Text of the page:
I saw Bill O’Reilly’s segment on postpartumdepression”>postpartum depression last night. I thought Dr. Lusskin held her own with Mr. O’Reilly, thank goodness. Unless I’m misunderstanding him, he doesn’t want to seem to admit that this is a real illness that many women suffer. I get the sense he just thinks it’s an excuse for irresponsible women who can’t or don’t want to take care of their children. His comment "these babies are getting knocked off like crazy" was over the top and quite silly. I do, however, understand why he is concerned that people could misuse an insanity defense. I worry about that as well, which is why we need better research into the causes of these illnesses.

Anyway, I thought I’d share with you the letter I sent to him in response to his segment:

Mr. O’Reilly:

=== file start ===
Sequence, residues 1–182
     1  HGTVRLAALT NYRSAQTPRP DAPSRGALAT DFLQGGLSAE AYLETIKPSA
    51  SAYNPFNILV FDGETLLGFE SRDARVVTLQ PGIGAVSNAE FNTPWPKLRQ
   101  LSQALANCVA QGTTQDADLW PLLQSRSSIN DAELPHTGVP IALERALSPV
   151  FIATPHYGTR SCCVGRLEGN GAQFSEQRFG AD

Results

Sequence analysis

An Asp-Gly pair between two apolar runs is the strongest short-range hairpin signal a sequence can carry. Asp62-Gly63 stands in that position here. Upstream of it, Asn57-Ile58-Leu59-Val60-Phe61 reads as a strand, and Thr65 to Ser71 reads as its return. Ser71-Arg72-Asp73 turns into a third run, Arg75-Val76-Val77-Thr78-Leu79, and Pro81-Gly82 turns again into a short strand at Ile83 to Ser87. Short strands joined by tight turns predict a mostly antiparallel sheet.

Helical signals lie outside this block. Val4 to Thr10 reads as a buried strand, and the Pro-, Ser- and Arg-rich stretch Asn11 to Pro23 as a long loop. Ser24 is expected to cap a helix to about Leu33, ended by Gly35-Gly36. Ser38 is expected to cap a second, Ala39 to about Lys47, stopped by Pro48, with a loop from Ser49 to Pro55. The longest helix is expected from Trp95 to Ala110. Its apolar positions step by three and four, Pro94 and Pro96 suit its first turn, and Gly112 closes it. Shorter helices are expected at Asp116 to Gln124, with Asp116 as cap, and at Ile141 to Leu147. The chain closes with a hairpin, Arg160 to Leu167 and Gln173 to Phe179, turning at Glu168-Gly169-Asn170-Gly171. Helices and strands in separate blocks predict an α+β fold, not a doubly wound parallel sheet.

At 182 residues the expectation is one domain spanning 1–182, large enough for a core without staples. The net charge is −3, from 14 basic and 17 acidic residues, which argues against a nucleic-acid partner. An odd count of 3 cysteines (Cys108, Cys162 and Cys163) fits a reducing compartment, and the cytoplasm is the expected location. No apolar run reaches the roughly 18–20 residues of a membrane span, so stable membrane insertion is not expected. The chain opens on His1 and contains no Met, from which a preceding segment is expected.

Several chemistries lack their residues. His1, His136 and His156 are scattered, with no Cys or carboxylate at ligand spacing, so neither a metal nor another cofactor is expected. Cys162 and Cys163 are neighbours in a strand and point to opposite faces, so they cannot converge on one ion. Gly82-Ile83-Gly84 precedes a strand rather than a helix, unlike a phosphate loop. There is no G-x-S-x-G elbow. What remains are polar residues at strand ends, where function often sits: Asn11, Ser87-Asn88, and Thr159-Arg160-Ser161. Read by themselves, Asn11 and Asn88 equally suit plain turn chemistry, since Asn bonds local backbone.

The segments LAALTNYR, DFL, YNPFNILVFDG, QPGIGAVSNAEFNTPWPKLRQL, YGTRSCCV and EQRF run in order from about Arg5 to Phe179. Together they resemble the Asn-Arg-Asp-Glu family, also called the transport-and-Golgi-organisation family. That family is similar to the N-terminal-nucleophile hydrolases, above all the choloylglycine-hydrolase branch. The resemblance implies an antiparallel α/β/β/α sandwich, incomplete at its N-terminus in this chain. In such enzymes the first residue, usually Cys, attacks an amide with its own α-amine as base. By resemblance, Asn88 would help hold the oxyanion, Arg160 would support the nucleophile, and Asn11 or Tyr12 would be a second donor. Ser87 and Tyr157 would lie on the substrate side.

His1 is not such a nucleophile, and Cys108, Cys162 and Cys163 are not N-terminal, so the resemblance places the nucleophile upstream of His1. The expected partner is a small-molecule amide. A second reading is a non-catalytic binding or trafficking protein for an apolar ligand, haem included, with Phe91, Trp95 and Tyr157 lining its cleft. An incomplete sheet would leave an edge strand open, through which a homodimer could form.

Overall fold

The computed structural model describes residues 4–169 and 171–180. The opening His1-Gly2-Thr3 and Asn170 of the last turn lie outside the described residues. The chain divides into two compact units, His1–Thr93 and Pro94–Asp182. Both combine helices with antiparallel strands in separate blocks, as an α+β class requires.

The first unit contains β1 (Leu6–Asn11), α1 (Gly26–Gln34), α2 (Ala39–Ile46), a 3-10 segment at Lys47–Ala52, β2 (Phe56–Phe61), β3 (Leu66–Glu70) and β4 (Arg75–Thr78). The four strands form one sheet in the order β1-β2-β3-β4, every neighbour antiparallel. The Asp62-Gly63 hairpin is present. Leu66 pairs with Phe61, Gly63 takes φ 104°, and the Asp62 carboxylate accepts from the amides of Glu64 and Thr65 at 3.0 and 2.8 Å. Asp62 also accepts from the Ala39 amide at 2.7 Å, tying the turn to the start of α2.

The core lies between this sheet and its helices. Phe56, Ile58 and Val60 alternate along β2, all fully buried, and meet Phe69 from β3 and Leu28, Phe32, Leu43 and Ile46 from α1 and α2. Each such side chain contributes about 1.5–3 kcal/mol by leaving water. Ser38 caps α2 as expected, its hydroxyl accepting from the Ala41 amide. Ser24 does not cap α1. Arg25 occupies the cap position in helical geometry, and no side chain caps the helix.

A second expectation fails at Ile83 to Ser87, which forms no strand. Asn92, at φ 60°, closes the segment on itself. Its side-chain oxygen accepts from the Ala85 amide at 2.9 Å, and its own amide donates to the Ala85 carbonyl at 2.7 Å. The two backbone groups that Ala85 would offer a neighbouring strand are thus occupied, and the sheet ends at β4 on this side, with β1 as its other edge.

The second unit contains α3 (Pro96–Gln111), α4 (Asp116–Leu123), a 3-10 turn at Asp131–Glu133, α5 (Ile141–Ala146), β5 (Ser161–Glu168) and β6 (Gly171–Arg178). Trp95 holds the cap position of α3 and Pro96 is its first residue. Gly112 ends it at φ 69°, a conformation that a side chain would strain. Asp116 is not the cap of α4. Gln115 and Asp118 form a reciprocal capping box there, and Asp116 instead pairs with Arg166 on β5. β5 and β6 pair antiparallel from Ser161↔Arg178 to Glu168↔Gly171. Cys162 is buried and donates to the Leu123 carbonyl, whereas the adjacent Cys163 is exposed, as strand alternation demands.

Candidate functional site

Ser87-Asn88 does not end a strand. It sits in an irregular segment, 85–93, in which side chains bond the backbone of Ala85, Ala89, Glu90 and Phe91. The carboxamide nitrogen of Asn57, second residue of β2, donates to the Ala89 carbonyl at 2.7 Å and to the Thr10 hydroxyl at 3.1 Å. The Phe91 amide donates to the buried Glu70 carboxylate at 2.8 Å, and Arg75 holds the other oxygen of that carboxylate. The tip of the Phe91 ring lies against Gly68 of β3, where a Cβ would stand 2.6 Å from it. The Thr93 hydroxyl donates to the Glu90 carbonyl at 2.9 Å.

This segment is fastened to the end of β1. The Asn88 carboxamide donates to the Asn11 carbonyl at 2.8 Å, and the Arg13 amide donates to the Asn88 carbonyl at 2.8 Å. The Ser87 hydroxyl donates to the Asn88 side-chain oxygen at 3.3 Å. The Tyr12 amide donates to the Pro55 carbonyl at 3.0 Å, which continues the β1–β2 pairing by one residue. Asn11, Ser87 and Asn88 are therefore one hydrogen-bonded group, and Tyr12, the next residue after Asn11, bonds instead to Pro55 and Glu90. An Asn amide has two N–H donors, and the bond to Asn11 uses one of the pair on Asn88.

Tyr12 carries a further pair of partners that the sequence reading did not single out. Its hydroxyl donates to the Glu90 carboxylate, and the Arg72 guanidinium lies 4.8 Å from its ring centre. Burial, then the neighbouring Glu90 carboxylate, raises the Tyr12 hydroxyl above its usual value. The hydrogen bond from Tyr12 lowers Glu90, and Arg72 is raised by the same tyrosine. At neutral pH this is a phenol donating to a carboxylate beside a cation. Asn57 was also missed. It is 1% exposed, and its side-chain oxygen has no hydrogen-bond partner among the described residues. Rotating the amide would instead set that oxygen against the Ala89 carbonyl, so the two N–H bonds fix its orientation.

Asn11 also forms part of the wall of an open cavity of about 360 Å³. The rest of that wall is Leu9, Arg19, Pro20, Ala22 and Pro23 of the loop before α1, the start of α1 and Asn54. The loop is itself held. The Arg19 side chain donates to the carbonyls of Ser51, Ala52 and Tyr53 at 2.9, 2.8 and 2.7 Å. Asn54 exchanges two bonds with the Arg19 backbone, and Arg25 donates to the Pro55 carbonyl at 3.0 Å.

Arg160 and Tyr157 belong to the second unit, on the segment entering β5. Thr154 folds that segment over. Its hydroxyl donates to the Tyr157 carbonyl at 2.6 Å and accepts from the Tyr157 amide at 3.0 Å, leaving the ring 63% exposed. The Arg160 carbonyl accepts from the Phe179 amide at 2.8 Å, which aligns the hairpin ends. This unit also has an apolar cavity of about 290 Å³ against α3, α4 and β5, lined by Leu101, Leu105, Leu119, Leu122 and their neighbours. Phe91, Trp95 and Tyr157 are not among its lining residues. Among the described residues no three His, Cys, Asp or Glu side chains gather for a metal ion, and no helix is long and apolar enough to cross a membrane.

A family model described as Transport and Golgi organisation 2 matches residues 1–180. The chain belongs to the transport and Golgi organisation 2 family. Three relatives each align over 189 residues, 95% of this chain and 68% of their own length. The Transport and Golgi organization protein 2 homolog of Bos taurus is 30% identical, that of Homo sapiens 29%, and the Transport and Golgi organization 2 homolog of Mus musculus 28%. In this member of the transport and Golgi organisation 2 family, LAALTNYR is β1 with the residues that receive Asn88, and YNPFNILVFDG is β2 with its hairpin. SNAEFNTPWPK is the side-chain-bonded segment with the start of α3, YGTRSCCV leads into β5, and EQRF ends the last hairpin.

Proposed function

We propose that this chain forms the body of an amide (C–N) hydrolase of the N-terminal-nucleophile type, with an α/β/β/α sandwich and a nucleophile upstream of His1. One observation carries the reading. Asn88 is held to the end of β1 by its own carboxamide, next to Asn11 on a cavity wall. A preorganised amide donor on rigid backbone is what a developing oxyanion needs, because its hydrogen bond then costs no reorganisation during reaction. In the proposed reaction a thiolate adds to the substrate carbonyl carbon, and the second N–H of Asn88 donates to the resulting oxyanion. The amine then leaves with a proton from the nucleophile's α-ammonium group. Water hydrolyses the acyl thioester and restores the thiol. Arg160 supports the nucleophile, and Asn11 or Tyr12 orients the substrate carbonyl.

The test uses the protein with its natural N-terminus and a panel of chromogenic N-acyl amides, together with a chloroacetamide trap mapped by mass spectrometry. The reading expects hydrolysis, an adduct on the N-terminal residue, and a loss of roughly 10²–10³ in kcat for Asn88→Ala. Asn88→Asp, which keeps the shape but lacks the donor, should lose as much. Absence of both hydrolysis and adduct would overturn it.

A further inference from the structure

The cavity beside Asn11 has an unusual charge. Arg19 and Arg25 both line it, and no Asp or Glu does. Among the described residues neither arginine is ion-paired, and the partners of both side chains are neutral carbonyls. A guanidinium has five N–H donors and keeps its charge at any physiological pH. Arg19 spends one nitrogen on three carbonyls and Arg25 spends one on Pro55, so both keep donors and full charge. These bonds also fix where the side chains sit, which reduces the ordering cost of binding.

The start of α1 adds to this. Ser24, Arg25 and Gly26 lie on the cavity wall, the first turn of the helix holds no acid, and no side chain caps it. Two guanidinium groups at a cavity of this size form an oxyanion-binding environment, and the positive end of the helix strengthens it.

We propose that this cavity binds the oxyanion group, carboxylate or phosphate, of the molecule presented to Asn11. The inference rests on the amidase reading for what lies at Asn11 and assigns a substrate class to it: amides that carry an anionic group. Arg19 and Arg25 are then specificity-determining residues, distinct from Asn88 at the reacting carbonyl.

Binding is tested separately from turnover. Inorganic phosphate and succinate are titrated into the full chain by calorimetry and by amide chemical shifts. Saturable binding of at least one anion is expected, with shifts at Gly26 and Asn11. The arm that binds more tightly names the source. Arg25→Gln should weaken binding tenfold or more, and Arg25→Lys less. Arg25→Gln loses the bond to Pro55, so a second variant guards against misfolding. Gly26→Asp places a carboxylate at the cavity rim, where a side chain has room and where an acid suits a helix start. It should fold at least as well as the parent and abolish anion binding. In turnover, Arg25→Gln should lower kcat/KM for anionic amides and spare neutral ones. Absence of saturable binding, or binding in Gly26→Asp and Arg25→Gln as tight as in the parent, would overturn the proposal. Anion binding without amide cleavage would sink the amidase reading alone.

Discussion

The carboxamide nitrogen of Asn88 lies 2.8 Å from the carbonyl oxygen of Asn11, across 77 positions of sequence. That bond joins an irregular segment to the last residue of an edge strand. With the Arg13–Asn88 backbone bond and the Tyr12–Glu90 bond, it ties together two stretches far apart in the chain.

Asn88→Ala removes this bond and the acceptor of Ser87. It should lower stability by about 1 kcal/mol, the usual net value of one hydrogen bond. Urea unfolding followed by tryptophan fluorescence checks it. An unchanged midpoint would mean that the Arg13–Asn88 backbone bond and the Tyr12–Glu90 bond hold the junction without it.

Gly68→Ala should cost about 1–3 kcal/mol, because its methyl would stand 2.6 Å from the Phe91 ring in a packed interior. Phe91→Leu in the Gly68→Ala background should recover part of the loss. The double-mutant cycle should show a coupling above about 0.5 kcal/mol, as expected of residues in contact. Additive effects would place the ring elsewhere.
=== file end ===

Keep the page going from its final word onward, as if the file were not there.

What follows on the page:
I saw your segment last night on postpartum depression. I can understand your concern over making sure that true criminals don’t misuse mental illness defenses. I share that concern. But let me assure you, this is as real an illness as any other. I am 35 years old, and am the former Director of Experiential Marketing at The Coca-Cola Company. I now run my own marketing consultancy. I tell you this so you’ll know I am a bright, successful young woman. Before the birth of my son, I had never been treated for or experienced any mental illness. Upon his birth, I spiraled into a darkness so horrific I thought I’d never be the same again. I couldn’t eat. I couldn’t sleep. I had uncontrollable thoughts of harming my son. Sir, you have to understand that I am as competent as they come and a fairly accomplished young person. My son is the light of my life, and a terrific kid. I am no less of a mother than all the other great mothers in the world. But the fact of the matter is this: there is no way of knowing who will be hit by a mental illness or when it will strike or even exactly why. I can’t explain to you why I thought of smothering my son with a burp cloth. I had never had such disturbing thoughts in all my life. I understand that, to a person who has never learned how little actual control they have over their brain, it is difficult to imagine having thoughts that you didn’t mean to generate. It doesn’t seem possible, but it’s entirely possible, and happens to thousands of women – women who were expecting the birth of their child to be the most happy, most serene moment in their lives. I felt like a defective human being who would be sent away forever never to see my loved ones again. In fact, all I needed was a competent psychiatrist, some medication and some therapy. I am now perfectly fine, as are the great majority of women who go through this and get the proper treatment. Perhaps if all women were screened for postpartum mood disorder symptoms by their doctors at their six-week postpartum checkup, and if all psychiatrists and obstetricians were properly trained to recognize and treat these illnesses, we could begin to prevent the horrible tragedies that occur when new mothers take their lives or the lives of their children. If we had the money and attention needed for research on this issue, we wouldn’t be left to sit and wonder what went wrong, or whether the person truly suffered from a postpartum mood disorder, when a horrible crime occurs. For some reason, Congress has sat on a bill for such research (the Melanie Blocker-Stokes Act) for years – how hard is it to realize that children deserve healthy mothers, and thus this bill should pass? I find it frustrating that the media never gives voice to the importance of actually addressing this problem, but instead only to the terrible details of what continues to happen because leaders don’t care enough to do something about it.